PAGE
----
Sheldon M. Ross
pubblicato da Elsevier Science Publishing Co Inc
Introductory Statistics, Fourth Edition, reviews statistical concepts and techniques in a manner that will teach students not only how and when to utilize the statistical procedures developed, but also how to understand why these procedures should be used. The text's main merits are the clarity of presentation, contemporary examples and applications from diverse areas, an explanation of intuition, and the ideas behind the statistical methods. Concepts are motivated, illustrated, and explained in a way that attempts to increase one's intuition. To quote from the preface, it is only when a student develops a feel or intuition for statistics that she or he is really on the path toward making sense of data. Ross achieves this goal through a coherent mix of mathematical analysis, intuitive discussions, and examples. Applications and examples refer to real-world issues, such as gun control, stock price models, health issues, driving age limits, school admission ages, use of helmets, sports, scientific fraud, and many others. Examples relating to data mining techniques using the number of Google queries or Twitter tweets are also considered. For this fourth edition, new topical coverage includes sections on Pareto distribution and the 80-20 rule, Benford's law, added material on odds and joint distributions and correlation, logistic regression, A-B testing, and more modern (big data) examples and exercises.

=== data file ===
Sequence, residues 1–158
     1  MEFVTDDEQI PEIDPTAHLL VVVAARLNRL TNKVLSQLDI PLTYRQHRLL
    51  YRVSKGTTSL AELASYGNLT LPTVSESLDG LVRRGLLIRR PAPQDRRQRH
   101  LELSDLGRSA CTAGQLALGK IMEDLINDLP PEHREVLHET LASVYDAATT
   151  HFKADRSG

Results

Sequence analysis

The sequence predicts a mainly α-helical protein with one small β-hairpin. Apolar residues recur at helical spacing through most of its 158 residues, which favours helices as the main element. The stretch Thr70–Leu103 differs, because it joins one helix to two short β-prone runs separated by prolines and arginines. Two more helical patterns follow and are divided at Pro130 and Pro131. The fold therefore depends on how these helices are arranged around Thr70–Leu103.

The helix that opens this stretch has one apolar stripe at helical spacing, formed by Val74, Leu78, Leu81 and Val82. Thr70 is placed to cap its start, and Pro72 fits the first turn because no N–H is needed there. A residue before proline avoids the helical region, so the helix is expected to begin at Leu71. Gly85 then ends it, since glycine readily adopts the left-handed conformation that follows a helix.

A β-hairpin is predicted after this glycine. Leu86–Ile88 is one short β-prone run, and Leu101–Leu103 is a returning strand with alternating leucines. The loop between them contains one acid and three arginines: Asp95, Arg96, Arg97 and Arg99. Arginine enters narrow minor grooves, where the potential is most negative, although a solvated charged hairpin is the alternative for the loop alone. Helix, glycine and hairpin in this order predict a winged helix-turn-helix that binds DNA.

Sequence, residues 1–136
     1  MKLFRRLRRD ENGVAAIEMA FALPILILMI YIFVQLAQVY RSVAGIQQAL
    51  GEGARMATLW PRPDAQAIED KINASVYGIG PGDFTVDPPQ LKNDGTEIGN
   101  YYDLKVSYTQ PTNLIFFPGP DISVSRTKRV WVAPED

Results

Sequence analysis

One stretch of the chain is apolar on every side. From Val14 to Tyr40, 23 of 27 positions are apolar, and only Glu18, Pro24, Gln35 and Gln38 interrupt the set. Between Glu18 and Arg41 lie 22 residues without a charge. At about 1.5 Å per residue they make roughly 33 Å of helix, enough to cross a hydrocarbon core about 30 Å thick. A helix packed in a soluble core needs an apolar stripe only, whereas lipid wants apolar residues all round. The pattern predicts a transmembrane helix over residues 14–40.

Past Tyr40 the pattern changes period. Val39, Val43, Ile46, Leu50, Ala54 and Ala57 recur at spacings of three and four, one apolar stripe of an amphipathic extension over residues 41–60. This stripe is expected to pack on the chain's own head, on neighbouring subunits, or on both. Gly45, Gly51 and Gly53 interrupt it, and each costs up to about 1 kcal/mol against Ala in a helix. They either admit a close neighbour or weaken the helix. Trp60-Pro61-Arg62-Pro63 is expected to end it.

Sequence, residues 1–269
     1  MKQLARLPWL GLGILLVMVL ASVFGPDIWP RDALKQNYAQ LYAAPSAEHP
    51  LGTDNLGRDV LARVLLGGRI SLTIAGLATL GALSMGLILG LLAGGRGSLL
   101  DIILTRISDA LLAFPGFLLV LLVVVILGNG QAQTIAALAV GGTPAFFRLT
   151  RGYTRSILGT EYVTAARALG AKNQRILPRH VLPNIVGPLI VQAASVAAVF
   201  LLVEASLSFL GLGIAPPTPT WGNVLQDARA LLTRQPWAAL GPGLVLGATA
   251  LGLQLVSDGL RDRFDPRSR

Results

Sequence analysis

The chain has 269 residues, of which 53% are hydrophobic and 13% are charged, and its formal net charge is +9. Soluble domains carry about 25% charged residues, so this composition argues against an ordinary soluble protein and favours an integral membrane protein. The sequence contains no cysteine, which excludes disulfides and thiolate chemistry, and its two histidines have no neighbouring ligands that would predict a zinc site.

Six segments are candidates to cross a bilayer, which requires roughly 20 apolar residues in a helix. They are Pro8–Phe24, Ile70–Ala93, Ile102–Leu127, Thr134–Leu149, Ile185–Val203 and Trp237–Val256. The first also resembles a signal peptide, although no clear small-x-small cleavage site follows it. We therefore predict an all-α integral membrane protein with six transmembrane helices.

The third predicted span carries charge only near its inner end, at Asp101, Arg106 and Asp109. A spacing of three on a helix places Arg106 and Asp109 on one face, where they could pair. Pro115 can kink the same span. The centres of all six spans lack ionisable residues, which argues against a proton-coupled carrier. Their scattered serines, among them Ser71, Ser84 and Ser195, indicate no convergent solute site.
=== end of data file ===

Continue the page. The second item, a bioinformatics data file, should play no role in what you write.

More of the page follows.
The coverage is careful and slow, with many worked examples and plenty of problems, half of which have answers. ...Illuminating examples abound. Those who are less than wholly confident about any of the material will find it a rich and unthreatening resource of information and also of questions (even if they are almost all derived from a US context). I have been looking for some time for a properly academic superior to M.J. Moroney's invaluable if outdated Facts from figures which I have used for forty years, and this would seem to fill the bill. --The Mathematical Gazette There are some interesting topics included that are not in most introductory stats texts, such as the Gini index, bandit problems, and quality control. --MAA Reviews